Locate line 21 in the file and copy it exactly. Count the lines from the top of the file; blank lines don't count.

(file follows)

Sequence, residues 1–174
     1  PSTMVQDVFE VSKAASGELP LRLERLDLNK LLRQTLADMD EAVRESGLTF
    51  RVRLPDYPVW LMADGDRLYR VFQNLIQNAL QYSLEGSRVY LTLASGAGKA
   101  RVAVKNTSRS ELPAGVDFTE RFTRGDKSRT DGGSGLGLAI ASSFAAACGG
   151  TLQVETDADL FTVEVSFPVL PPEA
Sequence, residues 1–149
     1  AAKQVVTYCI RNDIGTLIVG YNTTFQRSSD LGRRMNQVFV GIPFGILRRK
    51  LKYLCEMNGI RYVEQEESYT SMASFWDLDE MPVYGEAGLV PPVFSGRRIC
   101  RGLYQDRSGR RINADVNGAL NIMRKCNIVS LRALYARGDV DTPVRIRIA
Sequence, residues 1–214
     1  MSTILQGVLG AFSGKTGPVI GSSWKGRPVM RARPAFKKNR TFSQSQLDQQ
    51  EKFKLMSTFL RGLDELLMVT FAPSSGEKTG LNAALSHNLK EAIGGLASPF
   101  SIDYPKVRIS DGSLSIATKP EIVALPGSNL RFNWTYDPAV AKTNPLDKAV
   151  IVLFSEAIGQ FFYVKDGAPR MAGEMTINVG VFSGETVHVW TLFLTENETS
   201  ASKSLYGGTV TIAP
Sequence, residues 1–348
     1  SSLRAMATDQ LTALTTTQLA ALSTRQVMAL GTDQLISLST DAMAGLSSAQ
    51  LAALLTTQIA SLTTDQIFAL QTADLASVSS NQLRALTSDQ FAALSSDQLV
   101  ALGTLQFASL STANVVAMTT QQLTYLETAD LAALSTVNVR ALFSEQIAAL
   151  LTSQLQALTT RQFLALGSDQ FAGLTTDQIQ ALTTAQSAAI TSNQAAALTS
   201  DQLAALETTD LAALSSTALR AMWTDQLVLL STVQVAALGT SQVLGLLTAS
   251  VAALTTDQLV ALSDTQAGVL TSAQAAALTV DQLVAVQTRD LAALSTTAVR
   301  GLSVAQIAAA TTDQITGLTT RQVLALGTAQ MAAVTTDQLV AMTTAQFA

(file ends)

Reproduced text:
   201  DQLAALETTD LAALSSTALR AMWTDQLVLL STVQVAALGT SQVLGLLTAS